“We call on the Philippines authorities to adopt with immediate effect the necessary measures to protect all persons from targeted killings and extrajudicial executions,” said the new UN Special Rapporteur on summary executions, Agnes Callamard.

“Claims to fight illicit drug trade do not absolve the Government from its international legal obligations and do not shield State actors or others from responsibility for illegal killings,” Ms. Callamard stressed. “The State has a legally binding obligation to ensure the right to life and security of every person in the country, whether suspected of criminal offences or not.

The UN Special Rapporteur on the right to health, Dainius Pūras, noted that “however necessary, responses to the illicit drug trade must be carried out in full compliance with national and international obligations and should respect the human rights of each person.”

“Concerning drug-dependency, this should be treated as a public health issue and justice systems that decriminalise drug consumption and possession for personal use as a means to improve health outcomes,” stressed Mr. Pūras.

During his election campaign and first days in office, Mr. Duterte repeatedly urged law enforcement agencies and the public to kill people suspected of trafficking drugs who don’t surrender, as well as people who use drugs. The President was also reported as promising impunity for such killings and bounties for those who turn in drug dealers ‘dead or alive’.

“Directives of this nature are irresponsible in the extreme and amount to incitement to violence and killing, a crime under international law. It is effectively a license to kill,” the UN expert on summary executions warned. “Intentional lethal use of force is only allowed when strictly unavoidable in order to protect life and should not be used for common policing objectives,” she said.

The Special Rapporteurs welcomed recent reports suggesting that President Duterte is now publicly condemning vigilante justice, and called on all authorities to take a clear and public stance against it. “However,” they underscored, “it is not enough.”

“Incentives to violence such as bounties or the promise of impunity also seriously contravene the rule of law and must end,” the experts said. “All allegations of killings and extrajudicial executions must be promptly and thoroughly investigated. Perpetrators and instigators must be sanctioned without exception.”

Ms. Agnes Callamard (France) is the new Special Rapporteur on extrajudicial, summary or arbitrary executions. She has a distinguished career in human rights and humanitarian work globally. Ms. Callamard is the Director of Columbia Global Freedom of Expression at Columbia University and has previously worked with Article 19 and Amnesty International. She has advised multilateral organizations and governments around the world, has led human rights investigations in more than 30 countries, and has published extensively on human rights and related fields. Learn more, log on to: http://www.ohchr.org/EN/Issues/Executions/Pages/SRExecutionsIndex.aspx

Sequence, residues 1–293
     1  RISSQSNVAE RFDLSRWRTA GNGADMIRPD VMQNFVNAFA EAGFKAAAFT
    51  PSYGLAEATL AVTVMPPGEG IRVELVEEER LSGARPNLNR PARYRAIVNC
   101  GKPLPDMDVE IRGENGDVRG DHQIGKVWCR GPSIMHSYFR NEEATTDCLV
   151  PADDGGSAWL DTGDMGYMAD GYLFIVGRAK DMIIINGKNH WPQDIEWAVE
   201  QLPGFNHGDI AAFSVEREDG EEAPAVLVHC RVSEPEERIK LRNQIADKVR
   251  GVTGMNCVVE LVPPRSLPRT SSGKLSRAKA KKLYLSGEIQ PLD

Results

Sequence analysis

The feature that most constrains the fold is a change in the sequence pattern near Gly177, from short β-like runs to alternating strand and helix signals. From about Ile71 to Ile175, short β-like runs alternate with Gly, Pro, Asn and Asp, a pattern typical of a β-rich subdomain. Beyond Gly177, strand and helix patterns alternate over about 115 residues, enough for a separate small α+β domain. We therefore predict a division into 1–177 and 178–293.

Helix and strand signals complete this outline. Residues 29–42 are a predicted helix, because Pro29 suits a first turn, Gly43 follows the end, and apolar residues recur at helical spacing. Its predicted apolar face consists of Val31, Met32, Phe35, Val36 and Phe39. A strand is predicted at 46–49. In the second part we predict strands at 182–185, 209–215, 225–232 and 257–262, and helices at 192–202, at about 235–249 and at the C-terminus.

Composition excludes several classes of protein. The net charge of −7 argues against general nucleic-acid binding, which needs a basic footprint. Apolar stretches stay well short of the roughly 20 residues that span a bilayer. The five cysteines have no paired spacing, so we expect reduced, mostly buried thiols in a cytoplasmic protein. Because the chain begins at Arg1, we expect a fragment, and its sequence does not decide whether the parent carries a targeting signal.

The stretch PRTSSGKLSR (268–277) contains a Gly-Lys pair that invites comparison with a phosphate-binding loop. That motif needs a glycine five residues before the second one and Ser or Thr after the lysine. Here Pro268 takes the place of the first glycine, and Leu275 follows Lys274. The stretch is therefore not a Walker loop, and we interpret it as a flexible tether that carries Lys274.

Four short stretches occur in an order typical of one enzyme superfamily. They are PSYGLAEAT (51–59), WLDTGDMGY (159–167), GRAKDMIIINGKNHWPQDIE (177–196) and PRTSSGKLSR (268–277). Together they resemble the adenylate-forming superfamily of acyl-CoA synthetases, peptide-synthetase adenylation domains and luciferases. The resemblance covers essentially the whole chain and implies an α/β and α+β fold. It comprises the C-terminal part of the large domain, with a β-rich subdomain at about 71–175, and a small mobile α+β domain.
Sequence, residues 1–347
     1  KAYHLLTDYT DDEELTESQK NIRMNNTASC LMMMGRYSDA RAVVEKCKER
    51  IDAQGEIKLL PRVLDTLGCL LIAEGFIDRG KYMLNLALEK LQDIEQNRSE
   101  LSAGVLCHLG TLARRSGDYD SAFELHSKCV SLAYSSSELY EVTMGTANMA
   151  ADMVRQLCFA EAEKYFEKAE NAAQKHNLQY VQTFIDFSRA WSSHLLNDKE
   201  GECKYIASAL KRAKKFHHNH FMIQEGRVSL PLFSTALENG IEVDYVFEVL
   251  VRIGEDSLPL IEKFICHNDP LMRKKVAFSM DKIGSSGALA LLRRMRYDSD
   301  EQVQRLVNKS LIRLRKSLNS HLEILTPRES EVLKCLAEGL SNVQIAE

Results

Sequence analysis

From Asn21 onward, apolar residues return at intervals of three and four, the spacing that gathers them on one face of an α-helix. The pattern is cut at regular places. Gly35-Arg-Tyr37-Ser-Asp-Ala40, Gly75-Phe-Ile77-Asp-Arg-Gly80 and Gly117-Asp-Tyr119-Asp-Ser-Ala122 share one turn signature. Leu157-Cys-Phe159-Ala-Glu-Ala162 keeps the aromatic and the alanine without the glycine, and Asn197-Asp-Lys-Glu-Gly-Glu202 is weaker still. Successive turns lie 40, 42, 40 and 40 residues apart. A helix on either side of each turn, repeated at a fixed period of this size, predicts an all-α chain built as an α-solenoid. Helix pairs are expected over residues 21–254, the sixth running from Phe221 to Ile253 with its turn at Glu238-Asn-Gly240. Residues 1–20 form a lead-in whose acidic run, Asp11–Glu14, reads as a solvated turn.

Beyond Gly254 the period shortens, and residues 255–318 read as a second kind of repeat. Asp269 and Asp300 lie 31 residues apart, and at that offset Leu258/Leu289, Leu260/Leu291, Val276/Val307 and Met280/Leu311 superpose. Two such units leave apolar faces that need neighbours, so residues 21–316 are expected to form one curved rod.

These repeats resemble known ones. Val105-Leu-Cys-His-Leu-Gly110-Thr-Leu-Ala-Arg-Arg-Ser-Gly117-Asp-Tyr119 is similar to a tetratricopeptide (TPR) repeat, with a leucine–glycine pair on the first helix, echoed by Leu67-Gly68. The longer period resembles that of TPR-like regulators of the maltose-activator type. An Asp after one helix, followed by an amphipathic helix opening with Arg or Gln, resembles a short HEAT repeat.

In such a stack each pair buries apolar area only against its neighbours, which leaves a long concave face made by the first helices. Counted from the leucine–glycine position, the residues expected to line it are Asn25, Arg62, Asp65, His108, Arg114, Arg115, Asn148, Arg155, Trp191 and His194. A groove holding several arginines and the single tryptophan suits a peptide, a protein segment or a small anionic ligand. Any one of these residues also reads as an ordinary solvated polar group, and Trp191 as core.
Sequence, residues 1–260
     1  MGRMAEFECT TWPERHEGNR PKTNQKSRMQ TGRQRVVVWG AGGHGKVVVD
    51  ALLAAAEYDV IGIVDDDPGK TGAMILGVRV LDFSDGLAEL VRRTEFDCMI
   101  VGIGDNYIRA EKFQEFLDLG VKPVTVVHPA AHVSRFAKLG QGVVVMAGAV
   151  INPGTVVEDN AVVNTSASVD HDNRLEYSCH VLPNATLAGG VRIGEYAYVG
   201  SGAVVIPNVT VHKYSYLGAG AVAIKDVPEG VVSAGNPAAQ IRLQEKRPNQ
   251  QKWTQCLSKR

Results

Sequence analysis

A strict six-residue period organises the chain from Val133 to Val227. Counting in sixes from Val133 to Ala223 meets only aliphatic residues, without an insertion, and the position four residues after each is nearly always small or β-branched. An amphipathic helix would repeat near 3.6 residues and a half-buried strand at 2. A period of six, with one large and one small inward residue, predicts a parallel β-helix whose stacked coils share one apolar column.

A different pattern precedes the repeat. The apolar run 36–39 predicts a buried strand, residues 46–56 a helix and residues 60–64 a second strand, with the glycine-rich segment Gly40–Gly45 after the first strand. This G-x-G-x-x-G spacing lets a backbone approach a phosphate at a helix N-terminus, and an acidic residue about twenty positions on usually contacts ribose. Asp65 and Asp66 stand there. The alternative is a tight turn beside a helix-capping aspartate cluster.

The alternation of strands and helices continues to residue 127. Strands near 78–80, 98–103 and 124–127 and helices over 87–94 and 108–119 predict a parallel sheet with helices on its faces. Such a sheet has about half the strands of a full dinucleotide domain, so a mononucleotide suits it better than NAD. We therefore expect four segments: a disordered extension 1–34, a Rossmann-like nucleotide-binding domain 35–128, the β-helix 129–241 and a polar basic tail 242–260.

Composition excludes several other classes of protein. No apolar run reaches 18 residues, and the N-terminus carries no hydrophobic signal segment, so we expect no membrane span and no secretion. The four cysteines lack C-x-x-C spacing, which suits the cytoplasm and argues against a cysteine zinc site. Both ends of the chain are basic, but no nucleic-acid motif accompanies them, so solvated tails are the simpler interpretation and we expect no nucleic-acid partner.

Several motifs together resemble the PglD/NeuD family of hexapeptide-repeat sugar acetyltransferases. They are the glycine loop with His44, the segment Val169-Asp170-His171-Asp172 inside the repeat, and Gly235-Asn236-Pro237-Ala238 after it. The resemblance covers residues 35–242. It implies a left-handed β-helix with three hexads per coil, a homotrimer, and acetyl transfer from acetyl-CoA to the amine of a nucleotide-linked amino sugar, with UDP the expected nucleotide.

Mr. Dainius Pūras (Lithuania) is the Special Rapporteur appointed by the UN Human Rights Council to help States, and others, to promote and protect the right to the highest attainable standard of health. He is a medical doctor with notable expertise on mental health, child health, and public health policies. Mr. Pûras is a Professor and the Head of the Centre for Child psychiatry social paediatrics at Vilnius University, and teaches at the Faculty of Medicine, Institute of International relations and political science and Faculty of Philosophy of Vilnius University, Lithuania. Learn more, visit: http://www.ohchr.org/EN/Issues/Health/Pages/SRRightHealthIndex.aspx

The UN Special Rapporteurs are part of what is known as the Special Procedures of the Human Rights Council. Special Procedures, the largest body of independent experts in the UN Human Rights, is the general name of the independent fact-finding and monitoring mechanisms of the Human Rights Council that address either specific country situations or thematic issues in all parts of the world. Special Procedures’ experts work on a voluntary basis; they are not UN staff and do not receive a salary for their work. They are independent from any government or organization and serve in their individual capacity.

UN Human Rights, country page – Philippines: http://www.ohchr.org/EN/Countries/AsiaRegion/Pages/PHIndex.aspx

For more information and media requests, please contact Ms Brenda Vukovic (+41 22 917 9635 / bvukovic@ohchr.org), Jon Izagirre (+41 22 91 79715 / jizagirre@ohchr.org) or write to eje@ohchr.org.

For media inquiries related to other UN independent experts:
Xabier Celaya, UN Human Rights – Media Unit (+ 41 22 917 9383 / xcelaya@ohchr.org

For your news websites and social media: Multimedia content & key messages relating to our news releases are available on UN Human Rights social media channels, listed below. Please tag us using the proper handles:
Youtube: unohchr

- See more at: http://www.ohchr.org/EN/NewsEvents/Pages/DisplayNews.aspx?NewsID=20388&LangID=E#sthash.xUbFOjuj.dpuf

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Tuesday, September 6, 2016


See - (90) Facebook

WHEREAS, Mindanao has had a long and complex history of lawless violence perpetrated by private armies and local warlords, bandits and criminal syndicates, terrorist groups, and religious extremists;